Addicted to gaming tax revenue, NSW governments for years have turned blind eyes to The Star Sydney casino’s miscreant and illegal behaviour under the questionable rubric it was “too big to fail”. Now it appears Premier Chris Minns is wondering how much he can squeeze the golden goose without risking serious damage.
A proposed new tax on casino gaming tables and poker machines would deliver an estimated $120 million a year windfall to the public purse, but The Star has already threatened it will review its Sydney operations if the hike goes ahead.
Minns would not be drawn on Monday over whether his government would maintain the casino tax increase that was announced by the former Coalition government but said he would wait for budget briefings. “We’ll be having discussions with the Treasury in the coming days as we get a full picture of the revenue side of the budget and future policy measures,” he said.
The proposed top tax rate of 60.67 per cent on casino poker machines was scheduled to take effect in July and would bring NSW into line with new gambling taxation rates announced by the Labor government in Victoria.
Former treasurer Matt Kean proposed the tax increase in December. No government dared take on the casino previously, but The Star brought the tax upon itself after its casino licence was suspended for failing to stem criminal activity and money laundering as revealed in a 2021 investigation by Herald and 60 Minutes. The proposed tax regime will replace a 2020 agreement with The Star that locked in a sweetheart deal until 2041 that was expected to save the casino more than $1 billion in tax. The Perrottet government tore up the deal after two independent inquiries found Star Entertainment Group unfit to retain its coveted casino licences in NSW and Queensland last year. The inquiries’ findings suggested The Star had even outdone Crown’s misdeeds.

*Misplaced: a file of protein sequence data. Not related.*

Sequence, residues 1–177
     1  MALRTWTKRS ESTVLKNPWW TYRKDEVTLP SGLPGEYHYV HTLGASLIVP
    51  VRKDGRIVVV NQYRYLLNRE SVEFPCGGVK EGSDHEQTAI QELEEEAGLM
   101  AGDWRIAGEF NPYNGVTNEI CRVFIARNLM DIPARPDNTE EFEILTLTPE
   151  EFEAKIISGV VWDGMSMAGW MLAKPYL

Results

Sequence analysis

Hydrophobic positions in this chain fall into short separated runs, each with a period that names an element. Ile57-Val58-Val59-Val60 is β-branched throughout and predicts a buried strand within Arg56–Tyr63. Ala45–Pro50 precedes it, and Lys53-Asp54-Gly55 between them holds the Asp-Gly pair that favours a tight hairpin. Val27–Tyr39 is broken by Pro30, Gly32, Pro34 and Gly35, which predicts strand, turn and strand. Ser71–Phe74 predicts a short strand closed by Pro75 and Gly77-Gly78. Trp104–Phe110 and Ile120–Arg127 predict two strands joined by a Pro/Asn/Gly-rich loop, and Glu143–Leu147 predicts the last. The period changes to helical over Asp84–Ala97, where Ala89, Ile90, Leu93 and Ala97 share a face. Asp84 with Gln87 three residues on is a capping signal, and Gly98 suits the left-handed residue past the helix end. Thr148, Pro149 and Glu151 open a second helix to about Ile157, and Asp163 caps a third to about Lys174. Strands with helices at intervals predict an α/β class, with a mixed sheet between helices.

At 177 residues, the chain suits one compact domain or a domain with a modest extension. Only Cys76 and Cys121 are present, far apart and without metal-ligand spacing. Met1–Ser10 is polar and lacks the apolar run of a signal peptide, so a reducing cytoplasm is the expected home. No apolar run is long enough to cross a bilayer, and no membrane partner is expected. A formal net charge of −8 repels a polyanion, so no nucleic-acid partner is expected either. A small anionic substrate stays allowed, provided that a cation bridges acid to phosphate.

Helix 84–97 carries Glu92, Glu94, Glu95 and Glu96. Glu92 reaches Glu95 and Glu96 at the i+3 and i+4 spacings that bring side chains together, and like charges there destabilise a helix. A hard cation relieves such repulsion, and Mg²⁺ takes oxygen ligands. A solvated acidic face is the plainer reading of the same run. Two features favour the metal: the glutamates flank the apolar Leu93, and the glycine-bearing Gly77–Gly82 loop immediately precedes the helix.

Nevertheless, The Star has been repairing itself under the guidance of Philip Crawford, the head of the revamped NSW Independent Casino Commission, as it struggles to prove its suitability to hold casino licences. Its board and executive team have been completely overhauled and on Monday the resignation of Scott Wharton, chief executive of Star Entertainment Group’s flagship Pyrmont casino, was announced just eight months after his appointment last July.
However, the casino thinks the proposed tax threatens the viability of the business. The Star flagged in February that it faces a hit of up to $1.6 billion if the tax proposal is legislated and said it would be forced to review the Sydney casino’s operations.
Until Minns’ less-than-clear comments on Monday, the casino’s threat had apparently fallen on deaf ears. During the election campaign, the now Treasurer Daniel Mookhey said Labor would not reduce the tax if elected as it had been written into the budget.
Minns should make it clear whether he supports the new tax. It would certainly allow him to get on the front foot regarding gambling policy after the criticism he copped for failing to enunciate meaningful poker machine reform during the election which allowed Labor to be painted as being in the pockets of the gambling lobby. The new tax will be a fillip to government coffers but if it truly threatens The Star’s bottom line and viability, nobody wishes to see casino workers lose their jobs through no fault of their own.
Minns should sit down with casino management and discuss sensible ways of implementing the increase. That is not to advocate lessening the tax rate, but the timetable for introducing the change could at least be finessed to ameliorate the impact.
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